Just Say No: FDA permits marketing of the first hand-held device to aid in the detection of bleeding in the skull

I read that headline and said, “Wow!, finally I won’t need to CT all those patients’ heads!”

FDA permits marketing of the first hand-held device to aid in the detection of bleeding in the skull

Helps to determine if immediate CT scan is needed

The U.S. Food and Drug Administration today allowed marketing of the first hand-held device intended to aid in the detection of life-threatening bleeding in the skull called intracranial hematomas, using near-infrared spectroscopy.

via Press Announcements > FDA permits marketing of the first hand-held device to aid in the detection of bleeding in the skull.

But then, wait, said I, is it any good? Apparently Not:

The FDA granted the de novo petition for the Infrascanner Model 1000 based on a review of data comparing results from 383 CT scans of adult subjects with Infrascanner scan results. The Infrascanner was able to detect nearly 75 percent of the hematomas detected by CT scan. When CT scans detected no hematoma, the Infrascanner detected no hematoma 82 percent of the time. The Infrascanner Model 1000, however, is not a substitute for a CT scan.

Anyone considering purchasing one of these based on those numbers? If so, I’ll sell you a random number generator for 1/2 of what they’re asking.

Stated another way, this device will miss more than 25% of intracranial hematomas that are present, and will tell you it’s there when it’s not 18% of the time.

Not ready for prime time. I feel bad for the detailers who are sent out to see this thing, and worse for the patients it’s used on.

 

Brought to my attention by @EMNews on twitter. (In case you missed it, I’m getting a lot of my bloggable stuff from Twitter. I don’t blog most of what I comment on. Imagine what you’re missing! Get to twitter, and follow me @gruntdoc).

HHS Audits the 1% … and the Rest: First HIPAA Privacy and Security Audits Begin – Davis Wright Tremaine

As the original twitterer ( @NickGenes ) said, “…because there wasn’t enough bureaucracy & expense in healthcare yet”.

The U.S. Department of Health and Human Services (HHS) Office for Civil Rights (OCR) has begun the process of notifying covered entities that they are among the unlucky few who have been selected for the first Health Insurance Portability and Accountability Act of 1996 (HIPAA) privacy and security audits under the Health Information Technology for Economic and Clinical Health (HITECH) Act. …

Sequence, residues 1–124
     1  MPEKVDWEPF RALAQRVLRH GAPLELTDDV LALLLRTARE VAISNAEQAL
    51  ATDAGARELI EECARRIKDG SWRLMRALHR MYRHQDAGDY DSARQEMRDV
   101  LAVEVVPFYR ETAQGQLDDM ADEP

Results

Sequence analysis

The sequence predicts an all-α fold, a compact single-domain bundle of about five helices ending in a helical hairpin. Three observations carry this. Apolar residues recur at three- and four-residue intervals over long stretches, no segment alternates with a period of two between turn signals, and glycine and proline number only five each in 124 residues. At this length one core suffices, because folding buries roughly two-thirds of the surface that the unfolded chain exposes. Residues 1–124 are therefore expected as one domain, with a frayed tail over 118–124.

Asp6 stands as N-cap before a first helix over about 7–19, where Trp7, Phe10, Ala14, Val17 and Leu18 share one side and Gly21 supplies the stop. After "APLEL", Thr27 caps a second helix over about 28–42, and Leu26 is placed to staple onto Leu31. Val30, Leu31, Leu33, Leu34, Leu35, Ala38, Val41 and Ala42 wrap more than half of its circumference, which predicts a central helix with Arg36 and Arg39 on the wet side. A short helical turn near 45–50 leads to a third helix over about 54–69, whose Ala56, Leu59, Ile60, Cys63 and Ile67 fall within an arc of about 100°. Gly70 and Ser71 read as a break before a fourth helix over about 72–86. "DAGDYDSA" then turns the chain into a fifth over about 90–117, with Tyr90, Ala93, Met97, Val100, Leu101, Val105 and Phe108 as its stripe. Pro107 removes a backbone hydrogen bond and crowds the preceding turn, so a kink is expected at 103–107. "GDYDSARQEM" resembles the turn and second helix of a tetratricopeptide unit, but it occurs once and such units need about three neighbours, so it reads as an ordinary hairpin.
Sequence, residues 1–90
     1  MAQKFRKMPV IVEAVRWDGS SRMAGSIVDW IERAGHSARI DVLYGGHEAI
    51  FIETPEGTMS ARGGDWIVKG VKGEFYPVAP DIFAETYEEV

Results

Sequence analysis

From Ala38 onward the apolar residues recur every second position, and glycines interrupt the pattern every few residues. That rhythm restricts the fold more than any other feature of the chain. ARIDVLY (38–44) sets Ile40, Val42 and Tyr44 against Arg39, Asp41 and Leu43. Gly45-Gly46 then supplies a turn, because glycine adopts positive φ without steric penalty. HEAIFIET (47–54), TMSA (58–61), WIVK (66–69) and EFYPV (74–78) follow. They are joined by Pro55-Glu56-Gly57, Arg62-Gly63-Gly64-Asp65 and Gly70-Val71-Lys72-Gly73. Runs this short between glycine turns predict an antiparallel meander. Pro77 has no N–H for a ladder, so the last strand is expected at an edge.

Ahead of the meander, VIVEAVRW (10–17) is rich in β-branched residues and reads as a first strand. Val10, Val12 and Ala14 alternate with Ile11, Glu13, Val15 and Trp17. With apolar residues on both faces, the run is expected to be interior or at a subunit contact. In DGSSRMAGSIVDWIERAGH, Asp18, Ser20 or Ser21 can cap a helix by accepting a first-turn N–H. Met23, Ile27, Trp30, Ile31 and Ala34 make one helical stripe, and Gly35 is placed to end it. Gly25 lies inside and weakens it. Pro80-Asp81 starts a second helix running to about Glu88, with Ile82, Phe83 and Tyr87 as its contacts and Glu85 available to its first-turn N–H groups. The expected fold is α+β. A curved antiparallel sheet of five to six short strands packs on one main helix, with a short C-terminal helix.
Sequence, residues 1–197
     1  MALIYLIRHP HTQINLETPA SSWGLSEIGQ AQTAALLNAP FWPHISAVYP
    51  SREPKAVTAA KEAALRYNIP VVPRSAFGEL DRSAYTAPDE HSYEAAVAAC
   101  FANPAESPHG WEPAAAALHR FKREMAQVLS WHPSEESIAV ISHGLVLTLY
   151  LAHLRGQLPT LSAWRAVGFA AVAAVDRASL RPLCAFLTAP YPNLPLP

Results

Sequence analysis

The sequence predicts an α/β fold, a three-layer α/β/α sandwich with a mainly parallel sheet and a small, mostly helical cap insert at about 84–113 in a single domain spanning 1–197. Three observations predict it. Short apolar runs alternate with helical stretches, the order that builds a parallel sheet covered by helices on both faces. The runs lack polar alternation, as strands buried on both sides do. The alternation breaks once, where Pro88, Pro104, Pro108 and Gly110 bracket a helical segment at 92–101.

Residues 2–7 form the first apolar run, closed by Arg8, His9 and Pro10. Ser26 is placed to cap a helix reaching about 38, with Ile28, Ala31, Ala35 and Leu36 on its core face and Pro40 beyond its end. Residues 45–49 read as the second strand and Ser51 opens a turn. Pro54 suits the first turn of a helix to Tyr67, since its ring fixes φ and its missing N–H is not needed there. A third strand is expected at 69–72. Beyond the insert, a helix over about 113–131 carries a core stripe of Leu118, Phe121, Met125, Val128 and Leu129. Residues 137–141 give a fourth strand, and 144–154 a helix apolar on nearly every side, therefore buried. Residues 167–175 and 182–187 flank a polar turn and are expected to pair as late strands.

While the first twenty covered entities have been selected, approximately another 130 remain in this audit round. HHS has indicated that it hopes to continue with proactive audits in the future and expects to become more aggressive in its enforcement of complaints.

via HHS Audits the 1% … and the Rest: First HIPAA Privacy and Security Audits Begin – Davis Wright Tremaine.

Yes, this is HITECH, the Son of HIPAA, but it all started with HIPAA.

Is it worth pointing out that HIPAA exempted itself from the unfunded mandate and paperwork reduction rules when it was enacted? I pointed out then that their assertion that it wouldn’t cause an increase in paperwork, nor was it an unfunded mandate was really unlikely.

How many Millions of dollars and man-hours are we pouring down these regulatory holes?

 

Amazon.com: Customer Reviews: Wenger 16999 Giant Swiss Army Knife

Comments on products can be pretty silly, but sometimes they get the Muse going.

For instance, this dainty little Swiss Army Knife:

Wenger 16999 Giant Swiss Army Knife

Has spawned an hours’ reading and chuckling with the top most being:

Found this…stuck into a stone while on vacation. I’m impressed with it, generally. Unfortunately, it turns out that removing it made me the new king of Switzerland, which is a lot of responsibility.

via Amazon.com: Customer Reviews: Wenger 16999 Giant Swiss Army Knife.

 

Worth the effort to read the comments. Some pretty darn creative people out there…

via Dave in Texas, on Ace.mu.nu